In politics conflicts between proposals for universal, egalitarian welfare
systems and demands for more individual freedoms frequently arise. Rawls theory
of justice aims to address these conflicts using the three important methods.
John Rawl assumed some features of a free society and some ideas on how a
certain society and people within should be studied.
Rawl also thinks that people who believe in different ideologies could agree
with some sort of principles to resolve conflicts of distributional effects of
social institutions. The second method is to emphasize on the contract theory of
political philosophy, where he says consent is necessary for the state to
exercise their legitimate power.
The third method is that Rawl outlines a few principles for a civilized society
that everyone should embrace. The main concept of these principles is that civil
and political rights must be safeguarded and all the individuals must be given
equal opportunity. The distribution of economic benefits under this approach
place a definite emphasis on the socioeconomic group who are underprivileged.
Rawl also stated that justice as fairness is preferable to utilitarianism, which
is the dominant school of modern political philosophy.
Rawls theory of justice is also a substitute to utilitarianism as most of the
principles stated by Rawl focus on promoting the greatest happiness of the
greatest number of people as the guiding principle. Rawl wanted to organize a
society in which everyone has as much freedom as possible while making sure that
no individual's freedom infringes on that of others.
In contrast to an equal distribution, Rawl also provided economic and social
disparities, with the condition that this arrangement should aid the most
disadvantaged in becoming better off in society. Lastly Rawl believed that the
goal behind such inequality should be to help those without resources to get a
position of power in the public domain.
Using a hypothetical idea of original position, Rawl elaborates on his views on
justice. The original position has certain characteristics with social contract
theory in terms of how nature is. When members of a society are in their
original positions, it is assumed that the parties are unaware of their
conceptions of the goal or their unique psychological characteristics. This idea
holds all individuals within a society in this "hypothetical device" known as
the original position. Rawl referred to that as keeping individuals behind a
veil of ignorance.
Veil of ignorance assumes that people do not know or they become ignorant of
themselves in matters of their social standing, for instance they would not know
if they are rich or poor, young or old, class and position etc. People who are
behind this veil are unaware of how their fortune will be determined by the
allocation of their natural resources and skills. But Rawl thinks in a society
this philosophy would help in preventing advantages from being adjusted to one's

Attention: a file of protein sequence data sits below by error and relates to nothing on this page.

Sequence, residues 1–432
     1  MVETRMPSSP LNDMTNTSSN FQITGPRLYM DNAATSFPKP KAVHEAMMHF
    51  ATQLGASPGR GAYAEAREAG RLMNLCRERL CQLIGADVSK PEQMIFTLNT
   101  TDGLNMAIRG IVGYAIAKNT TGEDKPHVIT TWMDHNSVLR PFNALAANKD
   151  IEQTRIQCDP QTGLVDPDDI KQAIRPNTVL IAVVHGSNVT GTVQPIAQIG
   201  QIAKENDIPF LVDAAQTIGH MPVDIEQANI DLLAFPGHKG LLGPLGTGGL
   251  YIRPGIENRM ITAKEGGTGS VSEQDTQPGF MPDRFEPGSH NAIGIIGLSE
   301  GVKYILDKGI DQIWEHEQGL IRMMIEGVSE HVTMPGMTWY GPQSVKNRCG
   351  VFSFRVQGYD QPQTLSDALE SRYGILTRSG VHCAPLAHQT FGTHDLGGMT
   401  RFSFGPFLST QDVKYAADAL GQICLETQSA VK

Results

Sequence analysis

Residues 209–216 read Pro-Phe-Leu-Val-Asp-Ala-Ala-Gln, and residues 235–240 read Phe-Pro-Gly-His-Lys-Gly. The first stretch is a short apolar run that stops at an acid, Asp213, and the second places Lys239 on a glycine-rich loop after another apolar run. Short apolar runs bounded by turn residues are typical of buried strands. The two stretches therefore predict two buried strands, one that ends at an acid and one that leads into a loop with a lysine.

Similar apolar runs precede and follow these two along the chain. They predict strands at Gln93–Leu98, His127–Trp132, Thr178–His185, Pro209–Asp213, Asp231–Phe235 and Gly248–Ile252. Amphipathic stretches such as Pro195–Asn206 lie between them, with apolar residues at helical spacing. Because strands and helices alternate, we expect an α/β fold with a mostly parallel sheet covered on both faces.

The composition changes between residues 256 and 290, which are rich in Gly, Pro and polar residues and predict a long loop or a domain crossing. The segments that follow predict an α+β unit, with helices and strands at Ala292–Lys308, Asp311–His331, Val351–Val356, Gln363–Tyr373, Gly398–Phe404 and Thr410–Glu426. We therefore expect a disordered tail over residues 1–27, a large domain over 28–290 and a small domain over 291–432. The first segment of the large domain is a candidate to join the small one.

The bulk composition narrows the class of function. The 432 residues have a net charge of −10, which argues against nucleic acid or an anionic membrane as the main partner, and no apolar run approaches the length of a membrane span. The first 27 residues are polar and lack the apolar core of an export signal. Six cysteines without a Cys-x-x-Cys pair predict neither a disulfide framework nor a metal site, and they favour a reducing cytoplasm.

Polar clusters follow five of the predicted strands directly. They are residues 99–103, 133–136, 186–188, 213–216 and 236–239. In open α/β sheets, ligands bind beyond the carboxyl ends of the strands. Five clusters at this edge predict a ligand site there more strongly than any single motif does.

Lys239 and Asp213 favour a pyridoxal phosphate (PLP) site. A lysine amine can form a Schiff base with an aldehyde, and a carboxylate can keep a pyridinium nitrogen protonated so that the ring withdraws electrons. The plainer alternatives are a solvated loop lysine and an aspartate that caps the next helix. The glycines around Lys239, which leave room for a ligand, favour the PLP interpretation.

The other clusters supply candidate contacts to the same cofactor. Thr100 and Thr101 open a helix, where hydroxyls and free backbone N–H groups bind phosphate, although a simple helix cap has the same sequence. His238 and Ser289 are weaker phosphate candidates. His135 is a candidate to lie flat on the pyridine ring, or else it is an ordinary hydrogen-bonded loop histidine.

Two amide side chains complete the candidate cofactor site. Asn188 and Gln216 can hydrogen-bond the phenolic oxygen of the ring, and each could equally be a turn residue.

Which then results in the distribution of benefits that are equitable to
everyone because, if a person does not know how he will function in his own
imagined society, he is unlikely to favor or grant privilege to any one class of
people but, rather, will develop a justice system that treats everyone equally.
In Rawls opinion this would result in maximizing the advantages for the least
advantaged members of society. For this social contract to be just the people of
a society need to make the ruler based on everyone being in the same starting
position, instead of assuming the outcome will be in a certain way and so
allowing the ruler to benefit the poor more greatly.
Two guiding principles stated by John Rawl are:
- First principle; "Each person has the same indefeasible claim to a fully
adequate scheme of equal basic liberties, which scheme is compatible with
the same scheme of liberties for all"
- Second Principle: "Social and economic inequalities are to satisfy two
- They are to be attached to offices and positions open to all under
conditions of fair equality of opportunity;
- They are to be to the greatest benefit of the least-advantaged members
The first principle guarantees as much liberty as possible to individuals as
long as their freedom does not hinder the fundamental liberty of others, they
should be free to act as they choose.
The second principle has two parts, the first part explains that we can
have economic and class differences even if the most disadvantaged individuals
in a society are benefited in some way. The second part explains that socio
economic inequalities must be such that everyone has a fair and equal
opportunity of obtaining them.
Rawls theory of justice has influenced a lot of current political states and the
way they function. India is one among the countries that have been influenced by
Rawls theory of justice, India too also has similar aims to safeguard and
provide justice for all. The values of justice, liberty, equality, and